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Substances belonging to this group of organic compounds are wi,lely distributed in Nature, being found in plants, both higher and lower fungi and, upto the present time, in one animal source, sheep wool-fat. For a long time no real differentiation was possible between the tetra- and penta cyclic triterpenes and the sterols. Then the two latter became disting uishable by their selenium. ·dehydrogenation products, i. e. , picene and naphthalene derivatives from the pentacyclic triterpenes and DIELS' hydrocarbon from the sterols. It is now apparent that those compounds yielding predominantly I: 2: 8-trimethylphenanthrene on dehydro genation represent yet another class, and this property is regarded as typical of the tetracyclic triterpenes. The group contains both C and C 30 3l compounds and, although the latter fall outside RUZICKA'S strict definition of triterpenes (I42), it seems desirable to permit this deviation. Members with thirty-two carbon atoms may well be discovered in due course. In a most· valuable account of the triterpenes written in I949, JEGER. (II3) was able to summarize all that was known about the tetra cyclic group in a very small compass. Most of the work discussed in the present article has been published during the last five years and in that time the structures of some twenty compounds have been elucidated. Of outstanding importance is the revelation of close structural relation ships tQ the steroids, and the presence of C and C side-chains, skeletally 8 9 identical with those of cholesterol and ergosterol.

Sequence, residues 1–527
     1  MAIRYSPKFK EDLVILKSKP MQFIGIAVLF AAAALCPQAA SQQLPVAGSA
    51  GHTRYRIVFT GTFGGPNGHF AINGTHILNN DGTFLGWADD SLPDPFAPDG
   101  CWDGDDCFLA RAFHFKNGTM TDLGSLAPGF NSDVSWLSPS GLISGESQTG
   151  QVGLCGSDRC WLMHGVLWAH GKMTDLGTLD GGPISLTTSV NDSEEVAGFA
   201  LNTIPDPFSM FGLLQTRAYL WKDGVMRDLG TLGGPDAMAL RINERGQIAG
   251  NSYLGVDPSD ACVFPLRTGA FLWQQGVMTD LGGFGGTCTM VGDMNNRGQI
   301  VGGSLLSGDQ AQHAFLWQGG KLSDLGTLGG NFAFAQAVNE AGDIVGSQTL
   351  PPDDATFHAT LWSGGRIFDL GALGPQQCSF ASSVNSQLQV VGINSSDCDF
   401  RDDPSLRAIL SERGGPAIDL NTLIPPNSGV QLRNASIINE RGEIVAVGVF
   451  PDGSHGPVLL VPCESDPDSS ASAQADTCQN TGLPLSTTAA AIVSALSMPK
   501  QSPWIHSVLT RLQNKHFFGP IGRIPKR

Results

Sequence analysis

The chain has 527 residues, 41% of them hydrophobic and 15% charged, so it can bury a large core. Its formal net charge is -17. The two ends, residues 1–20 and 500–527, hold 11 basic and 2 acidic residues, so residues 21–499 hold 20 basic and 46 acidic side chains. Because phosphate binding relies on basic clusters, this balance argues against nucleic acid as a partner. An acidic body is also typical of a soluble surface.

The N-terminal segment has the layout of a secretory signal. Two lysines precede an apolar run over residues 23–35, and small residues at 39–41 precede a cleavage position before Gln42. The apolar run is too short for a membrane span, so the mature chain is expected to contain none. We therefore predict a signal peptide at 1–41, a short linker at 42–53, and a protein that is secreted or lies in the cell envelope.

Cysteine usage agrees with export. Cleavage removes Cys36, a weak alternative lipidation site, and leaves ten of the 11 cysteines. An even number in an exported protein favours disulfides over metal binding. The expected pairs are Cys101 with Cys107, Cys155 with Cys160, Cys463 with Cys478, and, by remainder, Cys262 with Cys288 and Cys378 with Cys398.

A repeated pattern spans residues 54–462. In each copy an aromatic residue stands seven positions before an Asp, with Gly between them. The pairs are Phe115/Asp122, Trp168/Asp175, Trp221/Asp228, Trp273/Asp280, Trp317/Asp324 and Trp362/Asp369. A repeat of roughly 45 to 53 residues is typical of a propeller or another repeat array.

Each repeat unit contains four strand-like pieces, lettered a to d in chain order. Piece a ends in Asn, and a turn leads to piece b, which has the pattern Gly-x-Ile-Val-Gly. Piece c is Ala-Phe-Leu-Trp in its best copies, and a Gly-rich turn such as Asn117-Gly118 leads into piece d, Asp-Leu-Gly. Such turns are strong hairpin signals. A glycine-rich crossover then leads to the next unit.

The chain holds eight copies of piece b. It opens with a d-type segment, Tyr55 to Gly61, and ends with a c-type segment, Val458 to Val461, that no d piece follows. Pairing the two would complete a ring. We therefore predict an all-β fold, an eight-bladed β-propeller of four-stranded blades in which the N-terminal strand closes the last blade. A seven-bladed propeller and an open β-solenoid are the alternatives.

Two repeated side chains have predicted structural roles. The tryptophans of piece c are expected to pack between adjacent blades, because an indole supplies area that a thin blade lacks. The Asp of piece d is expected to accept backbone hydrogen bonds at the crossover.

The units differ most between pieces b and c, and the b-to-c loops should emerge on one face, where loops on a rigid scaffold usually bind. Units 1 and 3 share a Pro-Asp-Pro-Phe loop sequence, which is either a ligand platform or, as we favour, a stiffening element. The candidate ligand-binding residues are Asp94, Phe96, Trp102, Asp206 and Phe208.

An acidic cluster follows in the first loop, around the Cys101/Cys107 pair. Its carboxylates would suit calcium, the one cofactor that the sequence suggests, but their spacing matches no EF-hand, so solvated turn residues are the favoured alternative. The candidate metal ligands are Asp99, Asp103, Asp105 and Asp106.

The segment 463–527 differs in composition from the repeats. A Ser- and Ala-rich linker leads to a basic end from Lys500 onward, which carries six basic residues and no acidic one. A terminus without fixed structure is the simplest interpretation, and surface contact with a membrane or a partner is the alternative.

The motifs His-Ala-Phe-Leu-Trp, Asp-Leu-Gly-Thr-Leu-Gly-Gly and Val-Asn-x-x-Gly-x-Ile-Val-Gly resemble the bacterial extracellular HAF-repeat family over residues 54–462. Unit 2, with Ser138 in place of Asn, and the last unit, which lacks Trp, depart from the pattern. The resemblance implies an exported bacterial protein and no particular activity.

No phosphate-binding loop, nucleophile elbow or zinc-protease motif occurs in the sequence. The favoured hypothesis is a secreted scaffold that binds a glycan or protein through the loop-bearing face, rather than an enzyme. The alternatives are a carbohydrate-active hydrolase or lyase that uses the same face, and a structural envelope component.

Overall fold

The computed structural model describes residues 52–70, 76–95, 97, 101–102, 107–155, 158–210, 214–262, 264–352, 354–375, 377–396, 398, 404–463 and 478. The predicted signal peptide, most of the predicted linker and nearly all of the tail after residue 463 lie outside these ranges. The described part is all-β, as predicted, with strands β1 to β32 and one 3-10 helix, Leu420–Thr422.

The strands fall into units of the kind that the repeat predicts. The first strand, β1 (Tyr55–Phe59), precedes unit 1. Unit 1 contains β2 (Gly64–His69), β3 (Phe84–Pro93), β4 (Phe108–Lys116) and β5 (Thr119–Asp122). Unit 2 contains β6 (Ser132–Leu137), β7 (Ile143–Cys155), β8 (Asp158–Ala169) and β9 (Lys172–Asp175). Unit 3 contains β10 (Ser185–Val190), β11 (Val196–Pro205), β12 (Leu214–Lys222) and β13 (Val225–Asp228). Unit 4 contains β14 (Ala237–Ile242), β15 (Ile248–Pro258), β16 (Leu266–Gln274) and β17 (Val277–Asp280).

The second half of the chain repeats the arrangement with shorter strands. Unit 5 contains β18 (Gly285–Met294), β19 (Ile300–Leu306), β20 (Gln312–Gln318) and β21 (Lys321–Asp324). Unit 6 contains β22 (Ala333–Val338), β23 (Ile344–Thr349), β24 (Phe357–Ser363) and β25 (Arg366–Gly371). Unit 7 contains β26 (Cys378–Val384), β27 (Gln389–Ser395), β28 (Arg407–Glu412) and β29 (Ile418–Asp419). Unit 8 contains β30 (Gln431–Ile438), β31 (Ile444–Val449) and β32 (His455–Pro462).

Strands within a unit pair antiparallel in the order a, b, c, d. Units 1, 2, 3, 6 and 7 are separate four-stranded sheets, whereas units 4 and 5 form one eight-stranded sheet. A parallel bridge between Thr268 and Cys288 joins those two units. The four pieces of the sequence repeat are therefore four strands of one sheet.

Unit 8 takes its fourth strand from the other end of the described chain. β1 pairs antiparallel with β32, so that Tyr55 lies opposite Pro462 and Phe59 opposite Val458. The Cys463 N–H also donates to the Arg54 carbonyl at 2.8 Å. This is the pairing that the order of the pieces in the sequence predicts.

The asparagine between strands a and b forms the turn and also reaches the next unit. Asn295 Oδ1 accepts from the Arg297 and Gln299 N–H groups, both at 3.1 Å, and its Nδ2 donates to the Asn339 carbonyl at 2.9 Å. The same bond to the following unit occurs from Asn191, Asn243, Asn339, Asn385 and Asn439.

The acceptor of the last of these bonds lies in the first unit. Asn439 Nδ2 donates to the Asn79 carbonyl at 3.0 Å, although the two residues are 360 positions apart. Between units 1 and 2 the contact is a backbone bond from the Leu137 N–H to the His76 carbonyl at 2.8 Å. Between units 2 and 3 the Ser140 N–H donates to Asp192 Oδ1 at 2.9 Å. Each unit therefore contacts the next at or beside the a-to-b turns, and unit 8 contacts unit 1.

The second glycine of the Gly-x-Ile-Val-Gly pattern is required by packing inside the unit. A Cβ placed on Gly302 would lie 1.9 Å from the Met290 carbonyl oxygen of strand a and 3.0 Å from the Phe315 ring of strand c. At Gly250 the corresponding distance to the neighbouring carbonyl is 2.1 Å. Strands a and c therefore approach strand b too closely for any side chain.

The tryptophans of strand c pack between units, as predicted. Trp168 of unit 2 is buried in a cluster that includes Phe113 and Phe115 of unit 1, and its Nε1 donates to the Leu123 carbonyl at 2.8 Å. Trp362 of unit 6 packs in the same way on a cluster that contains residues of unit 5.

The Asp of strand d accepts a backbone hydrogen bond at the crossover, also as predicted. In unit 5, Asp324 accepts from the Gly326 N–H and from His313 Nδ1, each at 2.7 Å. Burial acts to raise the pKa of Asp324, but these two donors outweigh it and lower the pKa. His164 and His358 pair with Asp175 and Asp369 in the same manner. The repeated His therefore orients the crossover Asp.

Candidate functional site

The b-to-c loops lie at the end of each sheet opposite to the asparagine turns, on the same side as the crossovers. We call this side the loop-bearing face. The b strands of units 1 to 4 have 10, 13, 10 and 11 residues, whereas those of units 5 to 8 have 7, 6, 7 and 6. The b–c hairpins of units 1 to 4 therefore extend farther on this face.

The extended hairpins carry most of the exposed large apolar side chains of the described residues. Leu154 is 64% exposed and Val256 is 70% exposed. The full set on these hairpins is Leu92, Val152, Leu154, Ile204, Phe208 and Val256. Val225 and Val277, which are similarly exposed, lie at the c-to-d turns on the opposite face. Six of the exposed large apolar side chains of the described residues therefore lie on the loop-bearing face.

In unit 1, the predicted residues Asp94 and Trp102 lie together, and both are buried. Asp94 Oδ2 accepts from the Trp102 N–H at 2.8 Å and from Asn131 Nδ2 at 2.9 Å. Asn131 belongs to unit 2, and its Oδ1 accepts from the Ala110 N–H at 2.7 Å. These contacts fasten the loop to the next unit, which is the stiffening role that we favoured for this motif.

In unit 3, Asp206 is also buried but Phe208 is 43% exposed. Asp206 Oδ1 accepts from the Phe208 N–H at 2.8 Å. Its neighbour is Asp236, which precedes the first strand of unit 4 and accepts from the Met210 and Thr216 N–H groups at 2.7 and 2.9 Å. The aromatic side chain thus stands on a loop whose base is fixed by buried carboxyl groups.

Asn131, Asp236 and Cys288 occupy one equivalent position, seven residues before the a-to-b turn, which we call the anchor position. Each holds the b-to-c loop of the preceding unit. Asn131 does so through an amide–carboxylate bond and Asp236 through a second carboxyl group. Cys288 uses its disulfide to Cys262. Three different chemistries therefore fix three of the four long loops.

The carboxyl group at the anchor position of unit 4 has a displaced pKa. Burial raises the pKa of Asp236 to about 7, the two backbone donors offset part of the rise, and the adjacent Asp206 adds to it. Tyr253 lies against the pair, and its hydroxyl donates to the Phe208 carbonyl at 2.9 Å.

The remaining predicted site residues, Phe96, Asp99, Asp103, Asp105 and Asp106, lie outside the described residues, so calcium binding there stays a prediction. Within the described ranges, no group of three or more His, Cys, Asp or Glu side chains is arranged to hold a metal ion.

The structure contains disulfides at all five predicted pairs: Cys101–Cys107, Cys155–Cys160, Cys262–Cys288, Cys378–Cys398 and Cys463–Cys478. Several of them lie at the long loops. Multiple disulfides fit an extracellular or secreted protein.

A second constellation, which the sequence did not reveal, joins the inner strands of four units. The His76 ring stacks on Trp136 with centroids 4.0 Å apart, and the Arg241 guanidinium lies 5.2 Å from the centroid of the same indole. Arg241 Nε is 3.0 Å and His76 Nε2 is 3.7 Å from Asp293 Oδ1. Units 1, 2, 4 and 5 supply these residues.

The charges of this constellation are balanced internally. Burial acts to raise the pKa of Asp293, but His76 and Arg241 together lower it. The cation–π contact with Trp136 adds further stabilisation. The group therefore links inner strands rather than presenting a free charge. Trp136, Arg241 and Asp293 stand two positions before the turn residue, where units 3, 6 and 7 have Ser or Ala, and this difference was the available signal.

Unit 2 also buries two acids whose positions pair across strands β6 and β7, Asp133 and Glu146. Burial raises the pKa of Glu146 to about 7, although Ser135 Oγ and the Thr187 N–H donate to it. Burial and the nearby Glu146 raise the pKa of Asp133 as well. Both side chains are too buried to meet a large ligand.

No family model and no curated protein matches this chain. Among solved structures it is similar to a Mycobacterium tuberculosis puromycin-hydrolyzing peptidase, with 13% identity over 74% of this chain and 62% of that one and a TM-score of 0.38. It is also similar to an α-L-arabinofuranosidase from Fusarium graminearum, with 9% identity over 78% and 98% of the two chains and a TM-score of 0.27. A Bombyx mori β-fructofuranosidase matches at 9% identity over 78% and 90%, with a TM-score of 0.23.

chemistry natural product